The Unpaid Internship Trap
In today’s job market, college graduates like me who “made the mistake” of studying a non-preprofessional track, as opposed to computer science, pre-med, etc., are faced with unprecedented uncertainty.
The classic Catch-22 persists: to get a job, you must have experience. To get experience, you must have a job. No one wants to be the first to hire a fresh graduate, yet everyone has to start somewhere.
The unpaid internship can be a blessing. If you are lucky enough to be able to dedicate your time to a bright young company, without concerns like student loan repayment or rent, it’s a great way to get out of the loop I described above.
The problem is unpaid internships are ripe for abuse as well. The reason employees are paid is to incentivize them to produce. Paying them also causes an employer to invest in their work, to care about whether or not they are engaged and productive.
An unpaid internship can become toxic if a few key criteria are met. If you are currently engaged in an “opportunity” that ticks most of these boxes, get the hell out.
1. The projects you’re working on are consistently triaged down to the bottom of your supervisor’s priority list.
2. You were brought on board to work in an area apart from the company’s main product, and you don’t see a clear path to revenue generation.
3. The company has no real sources of outside funding, and internal revenue generation comes from divisions you don’t work with.
4. The attitude of managers toward work that they deem distasteful, irritating, or boring is “get an intern”.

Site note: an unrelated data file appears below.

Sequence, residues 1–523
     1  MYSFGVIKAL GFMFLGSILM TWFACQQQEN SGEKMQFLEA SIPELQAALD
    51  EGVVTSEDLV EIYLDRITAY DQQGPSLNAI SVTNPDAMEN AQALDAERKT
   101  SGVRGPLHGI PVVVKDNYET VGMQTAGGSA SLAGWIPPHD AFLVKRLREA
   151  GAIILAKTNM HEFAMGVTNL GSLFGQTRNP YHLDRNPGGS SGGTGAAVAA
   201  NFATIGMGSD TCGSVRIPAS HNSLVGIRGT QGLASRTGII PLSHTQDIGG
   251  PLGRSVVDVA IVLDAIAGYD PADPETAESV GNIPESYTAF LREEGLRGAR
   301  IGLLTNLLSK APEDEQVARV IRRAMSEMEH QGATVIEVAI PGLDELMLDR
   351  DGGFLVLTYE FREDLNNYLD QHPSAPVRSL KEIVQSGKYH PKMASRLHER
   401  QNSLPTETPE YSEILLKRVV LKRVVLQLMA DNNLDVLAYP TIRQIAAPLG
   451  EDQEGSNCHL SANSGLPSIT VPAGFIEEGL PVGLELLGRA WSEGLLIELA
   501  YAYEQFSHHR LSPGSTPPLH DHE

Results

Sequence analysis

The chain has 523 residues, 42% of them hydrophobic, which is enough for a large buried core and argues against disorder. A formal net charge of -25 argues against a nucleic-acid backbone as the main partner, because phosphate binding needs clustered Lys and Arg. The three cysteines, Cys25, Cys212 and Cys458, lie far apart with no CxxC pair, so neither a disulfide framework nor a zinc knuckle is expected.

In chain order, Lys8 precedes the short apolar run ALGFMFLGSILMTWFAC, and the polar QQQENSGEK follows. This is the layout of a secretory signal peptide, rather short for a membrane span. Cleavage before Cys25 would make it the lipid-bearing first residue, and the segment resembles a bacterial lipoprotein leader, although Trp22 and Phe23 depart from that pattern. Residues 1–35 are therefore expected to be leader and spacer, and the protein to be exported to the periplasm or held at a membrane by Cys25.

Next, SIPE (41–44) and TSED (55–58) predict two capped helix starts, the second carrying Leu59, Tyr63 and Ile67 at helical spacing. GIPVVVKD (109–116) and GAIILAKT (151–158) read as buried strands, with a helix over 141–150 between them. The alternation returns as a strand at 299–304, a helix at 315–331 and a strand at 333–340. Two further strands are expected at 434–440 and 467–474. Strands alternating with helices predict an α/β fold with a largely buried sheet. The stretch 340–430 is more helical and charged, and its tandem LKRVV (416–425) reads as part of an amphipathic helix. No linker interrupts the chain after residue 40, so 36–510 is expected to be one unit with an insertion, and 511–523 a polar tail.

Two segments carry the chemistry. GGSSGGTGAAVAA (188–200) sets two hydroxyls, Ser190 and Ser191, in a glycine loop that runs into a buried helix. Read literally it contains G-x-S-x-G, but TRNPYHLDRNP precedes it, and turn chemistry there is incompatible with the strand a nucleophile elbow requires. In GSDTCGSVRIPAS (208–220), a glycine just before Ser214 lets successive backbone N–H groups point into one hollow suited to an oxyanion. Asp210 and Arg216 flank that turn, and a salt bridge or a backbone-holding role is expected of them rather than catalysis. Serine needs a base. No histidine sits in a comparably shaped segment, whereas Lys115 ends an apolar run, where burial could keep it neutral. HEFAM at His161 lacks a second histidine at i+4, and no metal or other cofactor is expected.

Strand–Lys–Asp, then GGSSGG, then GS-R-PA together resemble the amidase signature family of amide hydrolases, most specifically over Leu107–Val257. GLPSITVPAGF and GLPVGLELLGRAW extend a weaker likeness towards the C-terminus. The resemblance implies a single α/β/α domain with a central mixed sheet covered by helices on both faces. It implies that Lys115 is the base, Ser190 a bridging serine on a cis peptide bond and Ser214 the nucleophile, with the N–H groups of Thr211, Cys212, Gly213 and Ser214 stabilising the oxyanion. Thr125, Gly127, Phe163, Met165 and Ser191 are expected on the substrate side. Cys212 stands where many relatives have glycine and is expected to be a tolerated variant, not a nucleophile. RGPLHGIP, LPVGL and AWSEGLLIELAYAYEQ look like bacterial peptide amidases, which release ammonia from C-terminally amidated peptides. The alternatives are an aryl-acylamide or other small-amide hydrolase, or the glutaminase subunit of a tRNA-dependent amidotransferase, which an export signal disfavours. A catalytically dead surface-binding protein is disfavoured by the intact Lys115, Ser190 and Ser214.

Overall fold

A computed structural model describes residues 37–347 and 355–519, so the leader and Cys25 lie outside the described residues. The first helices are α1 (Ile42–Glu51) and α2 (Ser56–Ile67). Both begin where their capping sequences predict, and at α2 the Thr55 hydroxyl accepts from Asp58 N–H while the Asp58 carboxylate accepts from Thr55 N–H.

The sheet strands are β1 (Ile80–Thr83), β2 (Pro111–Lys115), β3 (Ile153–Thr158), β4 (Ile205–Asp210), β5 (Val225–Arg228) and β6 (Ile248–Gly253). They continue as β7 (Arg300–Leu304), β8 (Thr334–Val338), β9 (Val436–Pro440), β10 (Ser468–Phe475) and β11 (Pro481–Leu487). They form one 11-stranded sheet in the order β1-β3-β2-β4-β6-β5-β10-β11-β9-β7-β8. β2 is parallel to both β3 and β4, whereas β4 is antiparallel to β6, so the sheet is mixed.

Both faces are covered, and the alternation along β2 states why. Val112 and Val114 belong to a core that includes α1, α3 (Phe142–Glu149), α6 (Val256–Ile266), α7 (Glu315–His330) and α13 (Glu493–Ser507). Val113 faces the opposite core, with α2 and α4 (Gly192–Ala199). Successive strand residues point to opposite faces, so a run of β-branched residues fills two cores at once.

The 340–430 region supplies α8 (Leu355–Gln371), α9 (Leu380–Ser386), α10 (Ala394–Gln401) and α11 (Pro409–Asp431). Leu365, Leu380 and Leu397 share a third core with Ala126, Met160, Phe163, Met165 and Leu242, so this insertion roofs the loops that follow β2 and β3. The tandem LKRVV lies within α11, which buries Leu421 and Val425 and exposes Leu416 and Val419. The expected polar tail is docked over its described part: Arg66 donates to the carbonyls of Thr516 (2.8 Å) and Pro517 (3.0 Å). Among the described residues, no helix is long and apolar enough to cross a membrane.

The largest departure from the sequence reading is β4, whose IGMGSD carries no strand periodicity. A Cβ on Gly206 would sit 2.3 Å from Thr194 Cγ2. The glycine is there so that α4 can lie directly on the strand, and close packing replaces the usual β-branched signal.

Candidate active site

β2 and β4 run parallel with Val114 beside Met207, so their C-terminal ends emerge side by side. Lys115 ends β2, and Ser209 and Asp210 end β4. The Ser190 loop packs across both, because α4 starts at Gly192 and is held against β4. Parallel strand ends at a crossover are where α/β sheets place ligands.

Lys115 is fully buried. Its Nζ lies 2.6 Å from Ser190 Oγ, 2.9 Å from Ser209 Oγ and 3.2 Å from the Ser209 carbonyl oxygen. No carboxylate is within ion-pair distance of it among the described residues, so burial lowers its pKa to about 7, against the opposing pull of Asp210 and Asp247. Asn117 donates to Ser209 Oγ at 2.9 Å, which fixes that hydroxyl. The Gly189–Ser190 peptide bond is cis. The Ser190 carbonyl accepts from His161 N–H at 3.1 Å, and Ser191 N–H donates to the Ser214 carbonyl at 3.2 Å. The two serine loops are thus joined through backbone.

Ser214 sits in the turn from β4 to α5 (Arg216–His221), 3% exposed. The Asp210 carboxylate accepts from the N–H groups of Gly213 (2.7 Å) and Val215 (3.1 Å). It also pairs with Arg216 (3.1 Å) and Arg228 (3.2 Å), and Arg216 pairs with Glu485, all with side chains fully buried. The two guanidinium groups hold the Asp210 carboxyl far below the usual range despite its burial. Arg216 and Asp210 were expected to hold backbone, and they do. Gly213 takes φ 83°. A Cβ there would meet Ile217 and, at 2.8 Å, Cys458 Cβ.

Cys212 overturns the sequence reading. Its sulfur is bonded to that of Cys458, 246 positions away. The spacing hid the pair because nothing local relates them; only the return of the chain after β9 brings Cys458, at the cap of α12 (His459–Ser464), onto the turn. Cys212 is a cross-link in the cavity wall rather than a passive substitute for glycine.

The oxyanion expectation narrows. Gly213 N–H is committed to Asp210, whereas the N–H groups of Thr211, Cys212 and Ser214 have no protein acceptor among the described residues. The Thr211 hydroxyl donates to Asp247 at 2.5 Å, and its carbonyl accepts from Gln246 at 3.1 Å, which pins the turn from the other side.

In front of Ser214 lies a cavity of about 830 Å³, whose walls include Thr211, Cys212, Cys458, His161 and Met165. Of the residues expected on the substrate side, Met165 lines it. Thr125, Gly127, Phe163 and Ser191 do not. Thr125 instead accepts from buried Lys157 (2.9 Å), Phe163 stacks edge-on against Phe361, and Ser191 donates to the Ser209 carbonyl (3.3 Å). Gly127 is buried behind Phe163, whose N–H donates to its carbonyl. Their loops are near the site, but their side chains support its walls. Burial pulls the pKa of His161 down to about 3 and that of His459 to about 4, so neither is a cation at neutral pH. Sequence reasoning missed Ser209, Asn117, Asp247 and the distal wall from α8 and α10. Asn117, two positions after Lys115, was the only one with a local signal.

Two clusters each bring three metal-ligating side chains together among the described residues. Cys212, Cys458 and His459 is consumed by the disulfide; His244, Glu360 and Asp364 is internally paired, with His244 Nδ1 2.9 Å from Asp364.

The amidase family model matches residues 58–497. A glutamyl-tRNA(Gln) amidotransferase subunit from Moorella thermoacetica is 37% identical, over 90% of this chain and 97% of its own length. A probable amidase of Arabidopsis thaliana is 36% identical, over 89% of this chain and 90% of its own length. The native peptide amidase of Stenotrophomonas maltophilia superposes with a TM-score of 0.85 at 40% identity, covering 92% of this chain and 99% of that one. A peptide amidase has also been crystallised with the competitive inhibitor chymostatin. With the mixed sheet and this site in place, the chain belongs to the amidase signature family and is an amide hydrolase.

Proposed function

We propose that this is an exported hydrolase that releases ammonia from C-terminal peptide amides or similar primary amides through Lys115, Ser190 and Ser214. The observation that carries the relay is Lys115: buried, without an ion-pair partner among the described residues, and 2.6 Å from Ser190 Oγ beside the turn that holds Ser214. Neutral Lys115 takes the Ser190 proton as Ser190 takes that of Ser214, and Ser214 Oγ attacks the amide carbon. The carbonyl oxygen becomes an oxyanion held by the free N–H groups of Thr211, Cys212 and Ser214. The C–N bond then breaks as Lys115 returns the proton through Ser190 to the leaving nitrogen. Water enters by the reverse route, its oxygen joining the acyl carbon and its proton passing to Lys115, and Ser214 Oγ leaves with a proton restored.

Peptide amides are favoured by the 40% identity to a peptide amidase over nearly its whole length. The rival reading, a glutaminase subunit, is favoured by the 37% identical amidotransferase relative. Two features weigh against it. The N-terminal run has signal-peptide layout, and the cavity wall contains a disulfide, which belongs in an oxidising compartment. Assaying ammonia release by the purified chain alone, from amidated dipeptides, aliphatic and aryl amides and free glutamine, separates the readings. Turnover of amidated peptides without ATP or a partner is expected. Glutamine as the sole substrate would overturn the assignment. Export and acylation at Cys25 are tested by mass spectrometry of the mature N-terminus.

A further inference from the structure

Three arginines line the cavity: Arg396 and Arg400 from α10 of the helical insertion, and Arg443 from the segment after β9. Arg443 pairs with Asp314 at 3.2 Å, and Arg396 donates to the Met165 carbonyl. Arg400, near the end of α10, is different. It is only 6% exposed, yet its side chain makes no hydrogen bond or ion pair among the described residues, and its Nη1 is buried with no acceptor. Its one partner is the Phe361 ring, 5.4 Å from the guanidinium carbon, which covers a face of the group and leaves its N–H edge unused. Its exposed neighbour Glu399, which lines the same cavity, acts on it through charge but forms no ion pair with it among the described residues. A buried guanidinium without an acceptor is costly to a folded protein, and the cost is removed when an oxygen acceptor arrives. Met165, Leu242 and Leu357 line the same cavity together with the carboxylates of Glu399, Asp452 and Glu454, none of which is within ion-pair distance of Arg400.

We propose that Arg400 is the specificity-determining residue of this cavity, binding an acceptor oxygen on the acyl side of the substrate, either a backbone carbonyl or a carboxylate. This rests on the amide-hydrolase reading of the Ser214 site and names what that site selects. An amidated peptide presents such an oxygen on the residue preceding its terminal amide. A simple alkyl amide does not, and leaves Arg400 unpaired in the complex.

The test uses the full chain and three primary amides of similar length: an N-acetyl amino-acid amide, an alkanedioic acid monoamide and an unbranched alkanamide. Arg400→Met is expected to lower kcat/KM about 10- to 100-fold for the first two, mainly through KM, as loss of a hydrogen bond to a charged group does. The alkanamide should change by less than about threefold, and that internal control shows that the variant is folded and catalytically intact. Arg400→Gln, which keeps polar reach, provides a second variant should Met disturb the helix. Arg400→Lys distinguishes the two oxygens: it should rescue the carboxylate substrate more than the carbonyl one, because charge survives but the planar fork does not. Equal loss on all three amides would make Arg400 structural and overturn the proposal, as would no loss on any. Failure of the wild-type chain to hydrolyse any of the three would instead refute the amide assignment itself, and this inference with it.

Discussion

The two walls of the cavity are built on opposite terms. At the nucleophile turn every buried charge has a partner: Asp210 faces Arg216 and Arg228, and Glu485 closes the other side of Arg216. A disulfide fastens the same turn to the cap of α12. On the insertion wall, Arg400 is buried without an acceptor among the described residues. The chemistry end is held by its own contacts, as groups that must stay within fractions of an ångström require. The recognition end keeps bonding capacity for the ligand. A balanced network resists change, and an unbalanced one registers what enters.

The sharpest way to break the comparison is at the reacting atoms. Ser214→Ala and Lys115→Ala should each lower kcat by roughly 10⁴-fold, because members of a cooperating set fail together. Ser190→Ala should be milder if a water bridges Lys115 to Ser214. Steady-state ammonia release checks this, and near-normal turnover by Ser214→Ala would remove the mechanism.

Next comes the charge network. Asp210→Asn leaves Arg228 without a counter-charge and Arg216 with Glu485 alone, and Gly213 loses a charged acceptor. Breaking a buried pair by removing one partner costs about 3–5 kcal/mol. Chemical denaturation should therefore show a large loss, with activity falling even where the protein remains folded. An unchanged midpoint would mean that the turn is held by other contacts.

5. The most consistent work you do is fetching someone’s lunch.
6. There is an unspecified timeline as to when and how much you will get paid, even after you are told that you will.
The problem with an intern remaining unpaid is management has no incentive to invest in their work. Often, blunt management styles that work fine with paid employees can wreak psychological havoc if an intern doesn’t have the constant positive feedback of being paid. You lose respect for your time as a professional.
The fault almost always lies with both parties. If an internship goes from promising to cancerous, the intern failed to keep a consistently positive attitude and grind through rough patches, just as the manager continued to take the intern for granted.
But at the end of the day, an unpaid internship can rot based on lack of respect. If that happens, it’s up to the intern to have the self-respect to walk out the door.
Originally posted at Affimity
Credits source: http://affimity.com/Careers/post/21603